How to BBQ for 533 kids
How to BBQ for 533 kids.
Image credit: DreamWorks Pictures

In exchange for his blissful ignorance and $24,000 (he later still shoulders an $80,000 debt), it turns out David has fathered 533 children through anonymous donations to a fertility clinic 20 years ago. All “growed up,” now David’s in a sour pickle. He must decide whether or not to come forward when 142 of them file a class-action lawsuit to reveal his identity. Chris Pratt’s character attempts to use the opportunity to prove he’s a competent lawyer even though his family thinks him a loser.

“Delivery Man” will fare better in your eyes if you’ve never seen “Starbuck”. Having seen “Starbuck” first, you’ll be missing the comedy. But not having seen “Starbuck” first or not even having known about it, “Delivery Man” will give you the chance to experience Vince Vaughn’s transformation from an irresponsible manboy into a man any woman could take home to mom.

But the transformation feels only somewhat believable. He takes the sudden news of having fathered an impossible 533 children much like a movie star would in a film rather than how any guy would in real life. Is it even medically possible for any one man’s man juice to be so potent?

Vince Vaughn as David Wozniak in Delivery Man
Vince Vaughn as David Wozniak in “Delivery Man”.
Image credit: DreamWorks Pictures

Also, the film is missing a true freak-out scene that any normal dude would have when attempting to wrap his brain around the gravity of the situation. This is billed as a comedy, and is for the most part failing at being one, but this would be a prime opportunity to be funny. You could imagine a hundred different funny ways to go batshit crazy with this news. Instead, he skips the emotional impossibility and jumps directly into trying to understand the legal side of it.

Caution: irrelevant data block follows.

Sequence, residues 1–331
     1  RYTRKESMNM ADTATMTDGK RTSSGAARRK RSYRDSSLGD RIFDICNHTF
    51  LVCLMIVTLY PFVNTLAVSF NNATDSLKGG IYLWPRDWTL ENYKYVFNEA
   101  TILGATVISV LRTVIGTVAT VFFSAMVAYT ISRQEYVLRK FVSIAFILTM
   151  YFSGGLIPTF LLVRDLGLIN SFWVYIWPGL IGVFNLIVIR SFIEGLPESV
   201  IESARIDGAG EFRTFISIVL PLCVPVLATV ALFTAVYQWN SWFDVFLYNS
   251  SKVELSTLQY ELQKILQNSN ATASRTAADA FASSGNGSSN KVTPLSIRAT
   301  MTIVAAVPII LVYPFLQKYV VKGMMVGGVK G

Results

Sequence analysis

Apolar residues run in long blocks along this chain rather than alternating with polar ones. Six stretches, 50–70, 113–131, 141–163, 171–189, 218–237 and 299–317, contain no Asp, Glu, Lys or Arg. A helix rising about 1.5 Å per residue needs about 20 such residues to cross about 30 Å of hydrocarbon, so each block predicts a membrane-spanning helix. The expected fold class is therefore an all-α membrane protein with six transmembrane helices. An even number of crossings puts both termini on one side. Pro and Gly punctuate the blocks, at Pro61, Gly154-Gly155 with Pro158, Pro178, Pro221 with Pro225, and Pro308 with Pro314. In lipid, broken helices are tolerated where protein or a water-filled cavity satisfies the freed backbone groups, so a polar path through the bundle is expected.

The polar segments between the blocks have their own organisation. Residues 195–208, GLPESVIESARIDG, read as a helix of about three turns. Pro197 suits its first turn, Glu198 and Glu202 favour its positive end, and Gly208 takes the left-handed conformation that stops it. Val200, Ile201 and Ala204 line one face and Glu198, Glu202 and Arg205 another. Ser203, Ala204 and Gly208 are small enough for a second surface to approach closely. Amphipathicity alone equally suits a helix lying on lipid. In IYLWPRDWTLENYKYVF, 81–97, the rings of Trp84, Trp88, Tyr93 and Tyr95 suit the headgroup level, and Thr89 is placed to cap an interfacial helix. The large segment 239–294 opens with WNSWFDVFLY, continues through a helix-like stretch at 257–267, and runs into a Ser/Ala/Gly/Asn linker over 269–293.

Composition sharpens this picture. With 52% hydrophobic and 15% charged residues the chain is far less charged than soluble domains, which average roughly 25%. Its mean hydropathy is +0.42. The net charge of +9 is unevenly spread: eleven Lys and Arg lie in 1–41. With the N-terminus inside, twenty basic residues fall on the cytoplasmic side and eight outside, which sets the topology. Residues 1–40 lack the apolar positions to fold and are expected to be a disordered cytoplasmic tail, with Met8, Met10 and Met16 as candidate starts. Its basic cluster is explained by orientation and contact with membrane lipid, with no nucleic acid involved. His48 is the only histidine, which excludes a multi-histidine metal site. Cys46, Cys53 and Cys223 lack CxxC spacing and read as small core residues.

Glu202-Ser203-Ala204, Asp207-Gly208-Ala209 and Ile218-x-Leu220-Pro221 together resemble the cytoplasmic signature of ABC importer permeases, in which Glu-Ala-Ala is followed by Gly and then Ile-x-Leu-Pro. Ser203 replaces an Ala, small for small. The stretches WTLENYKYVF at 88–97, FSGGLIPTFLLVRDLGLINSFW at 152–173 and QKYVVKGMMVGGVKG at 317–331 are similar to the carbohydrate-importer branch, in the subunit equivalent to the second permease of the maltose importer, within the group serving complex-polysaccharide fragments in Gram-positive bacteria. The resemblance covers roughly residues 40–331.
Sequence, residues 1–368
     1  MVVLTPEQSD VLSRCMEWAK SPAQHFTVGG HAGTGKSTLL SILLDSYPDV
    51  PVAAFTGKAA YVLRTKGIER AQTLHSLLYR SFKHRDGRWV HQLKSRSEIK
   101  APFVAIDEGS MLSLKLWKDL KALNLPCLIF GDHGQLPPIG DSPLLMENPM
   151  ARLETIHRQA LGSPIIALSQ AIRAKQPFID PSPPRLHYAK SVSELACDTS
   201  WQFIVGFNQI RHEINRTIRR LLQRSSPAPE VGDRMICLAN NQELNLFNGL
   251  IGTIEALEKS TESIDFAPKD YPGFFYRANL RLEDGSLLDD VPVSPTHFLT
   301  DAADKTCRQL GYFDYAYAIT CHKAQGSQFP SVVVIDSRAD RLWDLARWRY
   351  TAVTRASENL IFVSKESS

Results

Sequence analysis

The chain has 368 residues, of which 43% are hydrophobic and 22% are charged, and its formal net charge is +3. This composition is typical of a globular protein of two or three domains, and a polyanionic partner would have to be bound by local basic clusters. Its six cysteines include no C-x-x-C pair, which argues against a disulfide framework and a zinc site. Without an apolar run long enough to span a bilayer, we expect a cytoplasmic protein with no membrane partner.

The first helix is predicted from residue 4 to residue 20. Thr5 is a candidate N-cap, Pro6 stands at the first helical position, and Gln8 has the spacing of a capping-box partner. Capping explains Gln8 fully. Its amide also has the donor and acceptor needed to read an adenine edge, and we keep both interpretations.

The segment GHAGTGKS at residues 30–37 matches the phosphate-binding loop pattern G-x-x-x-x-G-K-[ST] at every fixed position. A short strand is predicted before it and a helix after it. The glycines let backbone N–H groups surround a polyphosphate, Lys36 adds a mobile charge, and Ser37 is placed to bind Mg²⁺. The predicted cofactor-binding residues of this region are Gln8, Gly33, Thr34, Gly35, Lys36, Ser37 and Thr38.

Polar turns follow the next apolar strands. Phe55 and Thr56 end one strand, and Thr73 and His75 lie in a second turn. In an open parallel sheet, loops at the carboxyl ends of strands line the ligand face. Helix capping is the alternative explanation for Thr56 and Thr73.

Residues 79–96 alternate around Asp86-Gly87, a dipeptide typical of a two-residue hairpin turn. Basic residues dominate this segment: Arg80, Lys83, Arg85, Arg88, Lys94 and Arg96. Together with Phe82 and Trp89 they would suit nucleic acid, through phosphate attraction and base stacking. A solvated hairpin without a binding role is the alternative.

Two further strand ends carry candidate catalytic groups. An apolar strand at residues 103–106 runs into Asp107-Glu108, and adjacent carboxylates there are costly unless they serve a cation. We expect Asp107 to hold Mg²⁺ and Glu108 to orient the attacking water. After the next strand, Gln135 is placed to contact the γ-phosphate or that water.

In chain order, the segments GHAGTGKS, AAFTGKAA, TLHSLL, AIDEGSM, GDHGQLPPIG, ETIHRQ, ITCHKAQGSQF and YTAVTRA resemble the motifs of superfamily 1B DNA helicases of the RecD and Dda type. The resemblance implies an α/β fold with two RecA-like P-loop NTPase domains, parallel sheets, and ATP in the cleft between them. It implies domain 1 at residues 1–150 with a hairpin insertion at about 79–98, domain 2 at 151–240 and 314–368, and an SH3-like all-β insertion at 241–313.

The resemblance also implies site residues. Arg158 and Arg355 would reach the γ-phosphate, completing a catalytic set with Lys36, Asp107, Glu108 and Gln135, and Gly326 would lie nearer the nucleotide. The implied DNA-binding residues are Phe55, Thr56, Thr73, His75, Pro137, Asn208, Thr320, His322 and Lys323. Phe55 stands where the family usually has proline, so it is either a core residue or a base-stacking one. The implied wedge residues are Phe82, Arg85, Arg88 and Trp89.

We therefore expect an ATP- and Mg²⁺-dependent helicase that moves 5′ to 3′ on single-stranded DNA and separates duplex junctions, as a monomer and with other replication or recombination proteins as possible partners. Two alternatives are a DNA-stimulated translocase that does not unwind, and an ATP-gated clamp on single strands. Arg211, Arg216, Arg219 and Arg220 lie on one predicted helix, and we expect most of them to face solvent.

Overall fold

That blunder aside, where Vince Vaughn’s character gets interesting is when he – still too quickly for anyone to realistically believe – opens the envelope his lawyer friend tells him not to. That envelope houses the profiles of his hundreds of biological kids. The first one, of course, is a professional basketball player. The rest range from a kid crippled in a wheelchair who can’t speak to a girl about to OD on drugs to a street musician to a fat kid. They culminate into one kid who finds him out and forces himself on Starbuck because he needs to get to know where he came from.